Church St Enoteca

Massive: Church Street Enoteca is housed in an old metalworks.
Massive: Church Street Enoteca is housed in an old metalworks. Photo: Luis Enrique Ascui

527 Church Street Richmond, VIC 3121

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Opening hours Tue-Fri 12 Noon – 3:00 PM 6:00 – 10:00 PM, Sat 6:00 – 10:00 PM
Features Private dining, Bar, Accepts bookings, Licensed, Gluten-free options, Vegetarian friendly, Degustation, Family friendly, Romance-first date, Events
Prices Expensive (mains over $40)
Chef Sebastian McQuarrie
Seats 85
Payments Diner's Club, eftpos, AMEX, Cash, Visa, Mastercard
Phone 03 9428 7898

Feeding people isn't a simple business and Church Street Enoteca understands this better than most. It's a clever, consistent 12-year-old restaurant that works all the angles. The building - a massive old metalworks with great presence - has various discrete spaces so weddings and other functions are a big part of the scheme. The sporting precinct is just a jog away so there's a tennis meal deal right now. A decent local business crowd means a steak-and-glass-of-red lunch for $32 ticks along nicely, as does the relaxed lunch menu. Richmond regulars love their wine so BYO is OK on Mondays. They're pretty fond of their kids, too, so there's a bambini menu for $12.50.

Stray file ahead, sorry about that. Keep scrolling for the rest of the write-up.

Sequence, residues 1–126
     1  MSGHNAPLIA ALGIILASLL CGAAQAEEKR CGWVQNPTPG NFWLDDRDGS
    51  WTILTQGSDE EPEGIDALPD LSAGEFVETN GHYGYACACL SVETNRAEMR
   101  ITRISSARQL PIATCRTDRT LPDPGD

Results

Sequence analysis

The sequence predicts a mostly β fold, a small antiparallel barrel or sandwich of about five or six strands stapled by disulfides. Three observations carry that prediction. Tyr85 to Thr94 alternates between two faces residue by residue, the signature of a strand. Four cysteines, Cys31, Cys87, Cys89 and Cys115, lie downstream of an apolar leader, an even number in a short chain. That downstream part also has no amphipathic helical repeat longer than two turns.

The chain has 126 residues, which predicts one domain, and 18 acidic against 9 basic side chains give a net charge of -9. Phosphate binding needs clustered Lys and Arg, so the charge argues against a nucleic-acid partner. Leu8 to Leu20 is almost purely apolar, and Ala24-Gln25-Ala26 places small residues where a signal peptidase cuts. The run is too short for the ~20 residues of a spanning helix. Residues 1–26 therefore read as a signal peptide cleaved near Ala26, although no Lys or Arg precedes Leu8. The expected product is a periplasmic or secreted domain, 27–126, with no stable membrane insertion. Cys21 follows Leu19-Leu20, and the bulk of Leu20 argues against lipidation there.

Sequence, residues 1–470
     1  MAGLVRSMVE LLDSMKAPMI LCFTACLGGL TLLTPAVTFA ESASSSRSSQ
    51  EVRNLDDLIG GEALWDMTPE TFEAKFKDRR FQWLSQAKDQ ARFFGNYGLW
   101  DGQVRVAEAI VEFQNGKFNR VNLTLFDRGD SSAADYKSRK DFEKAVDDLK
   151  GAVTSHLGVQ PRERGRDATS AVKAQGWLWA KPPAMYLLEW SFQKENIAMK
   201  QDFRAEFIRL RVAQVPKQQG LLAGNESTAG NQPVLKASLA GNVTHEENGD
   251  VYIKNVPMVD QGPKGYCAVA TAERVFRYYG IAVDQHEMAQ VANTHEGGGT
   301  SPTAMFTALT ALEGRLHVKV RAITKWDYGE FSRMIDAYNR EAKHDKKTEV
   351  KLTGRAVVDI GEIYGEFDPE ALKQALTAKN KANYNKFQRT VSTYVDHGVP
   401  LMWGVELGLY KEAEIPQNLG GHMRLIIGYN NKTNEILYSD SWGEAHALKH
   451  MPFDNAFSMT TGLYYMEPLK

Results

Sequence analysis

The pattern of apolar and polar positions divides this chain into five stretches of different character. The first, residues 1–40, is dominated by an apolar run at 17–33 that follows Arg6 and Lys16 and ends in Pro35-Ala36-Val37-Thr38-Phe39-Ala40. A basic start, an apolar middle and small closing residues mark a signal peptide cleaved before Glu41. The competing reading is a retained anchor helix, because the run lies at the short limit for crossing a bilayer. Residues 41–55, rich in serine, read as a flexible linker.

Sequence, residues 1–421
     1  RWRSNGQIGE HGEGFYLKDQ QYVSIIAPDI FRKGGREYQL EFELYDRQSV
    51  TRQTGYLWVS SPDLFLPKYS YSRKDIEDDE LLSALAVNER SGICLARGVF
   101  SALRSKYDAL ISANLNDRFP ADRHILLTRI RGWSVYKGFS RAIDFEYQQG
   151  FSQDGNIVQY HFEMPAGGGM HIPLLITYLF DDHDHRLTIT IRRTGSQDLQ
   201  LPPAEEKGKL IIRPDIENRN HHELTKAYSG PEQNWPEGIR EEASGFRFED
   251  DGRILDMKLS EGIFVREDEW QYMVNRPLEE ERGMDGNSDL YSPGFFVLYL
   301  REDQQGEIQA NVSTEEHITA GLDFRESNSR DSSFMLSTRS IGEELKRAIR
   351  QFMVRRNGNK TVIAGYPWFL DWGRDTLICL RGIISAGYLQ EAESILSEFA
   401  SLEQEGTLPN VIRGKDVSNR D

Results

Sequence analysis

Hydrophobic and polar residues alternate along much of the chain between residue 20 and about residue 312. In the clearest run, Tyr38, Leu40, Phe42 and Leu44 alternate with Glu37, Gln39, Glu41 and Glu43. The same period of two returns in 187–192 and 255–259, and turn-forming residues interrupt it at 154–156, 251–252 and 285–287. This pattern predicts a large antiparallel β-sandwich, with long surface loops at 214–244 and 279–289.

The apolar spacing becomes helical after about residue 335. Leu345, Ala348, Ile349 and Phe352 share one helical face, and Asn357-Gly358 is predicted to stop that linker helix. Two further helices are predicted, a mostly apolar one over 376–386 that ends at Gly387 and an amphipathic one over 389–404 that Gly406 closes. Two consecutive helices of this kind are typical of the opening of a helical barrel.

The menu is Italian but the approach is modern Australian. An octopus terrine looks amazing with tentacles in cross-section contrasting with bright saffron jelly. The dish also tastes good: the seafood is soft and springy and crunch comes via olive crumbs (good) and potato chips (redundant). Pasta is made here: wagyu shin is braised and stuffed into agnolotti that paddle in an intense porcini broth. A tomato, basil and mozzarella insalata caprese is a juicy bowl of summer sunshine.

There's often a monumental steak special, generally something you'd tackle between two or more carnivores. I loved the way the rib-eye was brought to the table raw for a bit of ogling, then brought back once grilled. It seemed a shame that the cooked beef was placed on a napkin that soaked up the juices, robbing some of the pleasure. A spectacular dish of grilled sea bream was redeeming, garnished with an olive and pine nut crumb and a lemon salsa that elevated the perfectly cooked fillets. The rich, enthusiastic wine list makes a feature of Italian wines and lovely Australian back vintages.

Elevating: Olive and pine nuts top grilled sea bream.
Elevating: Olive and pine nuts top grilled sea bream. Photo: Luis Enrique Ascui

I visited a few weeks ago and there were some glitches (overly al dente pasta, cool food, forgetful service), none of them serious enough to cast shadow on a lovely meal. I'm happy to put it down to seasonal silliness because there's no doubt that Church Street Enoteca has both soul and spine. We are lucky to have such a sparkling stalwart at our disposal.

Rating: Three and a half stars (out of five).